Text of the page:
Menu Planning: Top Three Considerations for Success
At Melbourne Convention and Exhibiton Centre (MCEC), we’re all about bringing people together over a great meal, uniting and inspiring our customers. Peter Haycroft, Executive Chef at MCEC reveals how we how we design impeccable custom menus for each event.
1. Customer brief
How do you approach the menu planning process with a customer?
We understand that every event is different, and don’t use a one size fits all approach. We take the same hand crafted approach to our menus as we do with our food, and work with customers to deliver the best culinary experience for them and their guests. The same principles apply, whether the event is for 20 or 5,000 people.
Budget is always an important factor when menu planning. Do you have any advice on how to maximise value?
Food and beverage can make or break an event so it’s important not to skimp on your budget. Guests will talk about and remember good food experiences long after an event ends. Unfortunately the same applies when the experience is less positive.
Start by tailoring your menu to suit the style of your event and your audience. If money is tight, Feed Me Menus are a great option – they take the guess work out of menu planning and consist of our crowd favourites – at MCEC we have a half day and a full day option.
Are there any other important factors that event planners should consider when developing their menu?
If you’ve held an event before, ascertain what worked before and what didn’t. Discuss this with your event planner or catering team at the venue. Your event planner can assist you with menu selection and provide advice on what will work best for your program. Don’t be afraid to ask questions.
Is there a theme for the event? We can work with you to incorporate this into food experience.
Take your audience into consideration – what’s important to them? e.g. a conference for the fitness industry may want healthier options with high amounts of protein, so consider that when choosing your menu items, if it’s a morning event – a coffee cart might be a worthwhile investment.
Consider choosing something warm for morning tea, as these options are perceived as being more substantial and will assist in keeping delegates full and energised until lunch.
Consider a sweet treat for afternoon tea to satisfy any afternoon sugar cravings. The most important thing when selecting your menu is ensuring there is variety to suit your audience. Have a balance – don’t be afraid to be naughty but nice.
2. Guest Expectations and Experience
Any advice to planners when navigating dietaries?
If there is one thing attendees take seriously, its food. They want fresh, creative and healthy menus that cater to a variety of dietary needs.
Around a fifth (22 per cent) of attendees have some form of dietary requirement. At MCEC, we develop menu items that cater for six of the most popular requests: gluten free, nut free, vegetarian, vegan, dairy free and fructose friendly. Guests with dietary requirements have the same expectations in quality and variety of food, so plan accordingly - don’t make dietaries an afterthought.
Variety is key, consider full day delegate packages that covers morning and afternoon tea, lunch, dinner and cocktail options. If your event runs over multiple days ensure you change up the items being served on consecutive days.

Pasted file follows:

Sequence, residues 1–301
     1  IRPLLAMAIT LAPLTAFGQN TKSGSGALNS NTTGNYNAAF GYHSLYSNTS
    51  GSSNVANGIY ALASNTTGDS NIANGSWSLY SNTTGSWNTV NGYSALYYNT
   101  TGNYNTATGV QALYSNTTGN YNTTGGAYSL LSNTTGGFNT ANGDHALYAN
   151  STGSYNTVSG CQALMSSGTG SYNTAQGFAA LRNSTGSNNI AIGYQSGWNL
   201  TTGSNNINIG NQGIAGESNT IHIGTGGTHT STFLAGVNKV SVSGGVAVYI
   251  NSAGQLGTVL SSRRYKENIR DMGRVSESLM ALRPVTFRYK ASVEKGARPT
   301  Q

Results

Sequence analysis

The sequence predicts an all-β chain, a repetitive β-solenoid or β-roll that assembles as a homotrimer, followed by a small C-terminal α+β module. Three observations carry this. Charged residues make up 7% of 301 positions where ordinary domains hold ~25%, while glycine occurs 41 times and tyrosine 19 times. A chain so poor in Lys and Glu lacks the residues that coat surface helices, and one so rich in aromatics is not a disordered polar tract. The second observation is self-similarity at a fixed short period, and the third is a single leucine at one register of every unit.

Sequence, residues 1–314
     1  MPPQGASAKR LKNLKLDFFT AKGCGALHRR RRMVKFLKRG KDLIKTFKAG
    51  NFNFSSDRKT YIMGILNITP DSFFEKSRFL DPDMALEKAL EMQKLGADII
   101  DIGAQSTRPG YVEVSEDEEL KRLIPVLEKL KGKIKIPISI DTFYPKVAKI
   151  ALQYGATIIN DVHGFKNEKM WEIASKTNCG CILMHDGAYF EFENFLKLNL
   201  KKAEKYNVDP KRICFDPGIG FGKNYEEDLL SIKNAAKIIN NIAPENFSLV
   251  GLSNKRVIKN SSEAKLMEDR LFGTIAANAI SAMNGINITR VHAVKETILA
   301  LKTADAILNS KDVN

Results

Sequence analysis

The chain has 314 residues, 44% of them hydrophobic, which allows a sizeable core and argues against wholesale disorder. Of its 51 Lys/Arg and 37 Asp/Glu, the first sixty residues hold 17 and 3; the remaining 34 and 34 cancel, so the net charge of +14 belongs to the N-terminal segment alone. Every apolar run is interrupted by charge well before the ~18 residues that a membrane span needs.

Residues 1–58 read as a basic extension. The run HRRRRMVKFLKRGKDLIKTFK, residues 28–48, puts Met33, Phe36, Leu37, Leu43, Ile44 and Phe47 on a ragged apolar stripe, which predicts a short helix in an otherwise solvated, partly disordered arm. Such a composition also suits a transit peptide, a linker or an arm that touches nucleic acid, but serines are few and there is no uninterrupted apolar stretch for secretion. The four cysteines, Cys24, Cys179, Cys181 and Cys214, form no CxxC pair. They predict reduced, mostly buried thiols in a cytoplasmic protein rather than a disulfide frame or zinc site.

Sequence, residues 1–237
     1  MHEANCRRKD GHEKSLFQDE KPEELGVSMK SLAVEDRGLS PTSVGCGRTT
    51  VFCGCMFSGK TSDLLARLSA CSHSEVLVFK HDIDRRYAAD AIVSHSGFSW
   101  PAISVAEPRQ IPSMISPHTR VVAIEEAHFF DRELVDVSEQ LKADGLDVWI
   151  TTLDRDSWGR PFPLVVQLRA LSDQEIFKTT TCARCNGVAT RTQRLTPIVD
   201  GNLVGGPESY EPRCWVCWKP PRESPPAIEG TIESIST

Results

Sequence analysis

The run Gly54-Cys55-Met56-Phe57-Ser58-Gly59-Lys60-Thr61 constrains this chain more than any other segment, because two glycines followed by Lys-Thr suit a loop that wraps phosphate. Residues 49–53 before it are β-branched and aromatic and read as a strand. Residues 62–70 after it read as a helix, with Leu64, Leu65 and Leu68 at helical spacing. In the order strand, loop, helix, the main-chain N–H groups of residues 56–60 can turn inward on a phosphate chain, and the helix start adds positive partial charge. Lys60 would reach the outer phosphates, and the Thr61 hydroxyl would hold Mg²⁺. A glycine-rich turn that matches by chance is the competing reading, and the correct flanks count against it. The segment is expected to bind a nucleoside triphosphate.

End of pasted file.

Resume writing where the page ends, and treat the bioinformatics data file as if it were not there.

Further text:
Guest experience is something we all have front of mind when planning an event, what are your tips on elevating this in the F&B space?
Your food should form part of the event experience and be a talking point for attendees. Think about the entire experience from the first morning coffee to the last evening wine.
Deviate from standard cocktail food and create a point of difference. One way that we do this is through our interactive EAT stations, where we bring Melbourne’s street-food scene to life. The experience is fully immersive and fun!
Consider small details such as creating quirky names for dishes, or how you could present and serve the food in a less traditional way.
Event organisers are always looking for something new, so it is important to review your menus annually if it’s a reoccurring event.
Showcasing local, seasonal produce will give your event a sense of place and authenticity. Delegates appreciate having a chance to sample local cuisine.
People use all their senses to eat, crafting a well written menu, through to plating can all impact guest experience.
What are some of the most popular food trends and preferences at the moment?
Interest in healthier alternatives continues to grow. Customers are increasingly interested in plant based alternatives. At MCEC, we’ve worked with a nutritionist to develop well-balanced menus.
Instagram is highly influential, so presentation is key. It has to be Instagram-worthy.
The origins of food continues to be of great interest for our customers. People want to know where their produce comes from. Our Conference menu features the 100 mile market garden menu option inspired by Melbourne.
We source all major ingredients from local farms and markets within a 100 mile radius of MCEC. This allows up to champion the incredible food producers we have in Melbourne, as well as allowing us to leave a lighter carbon footprint.
On the topic of sustainability, what’s your advice on reducing waste when planning a menu?
Consider using alternatives to single use plastics. MCEC have banned plastic straws and removed plastic bottles from catering. We’ve introduced eco-friendly packaging for our take away and portable catering options, such as our gourmet lunch boxes.
Support food rescue programs where possible – we donated 38,660 meals to OzHarvest last year. Select a venue that aligns with your values and promote what you’re doing at your event.
Top Five Takeaways
Consider your budget
Embrace seasonal produce
Be naughty but nice – have a balanced menu
Work with your caterer to manage dietaries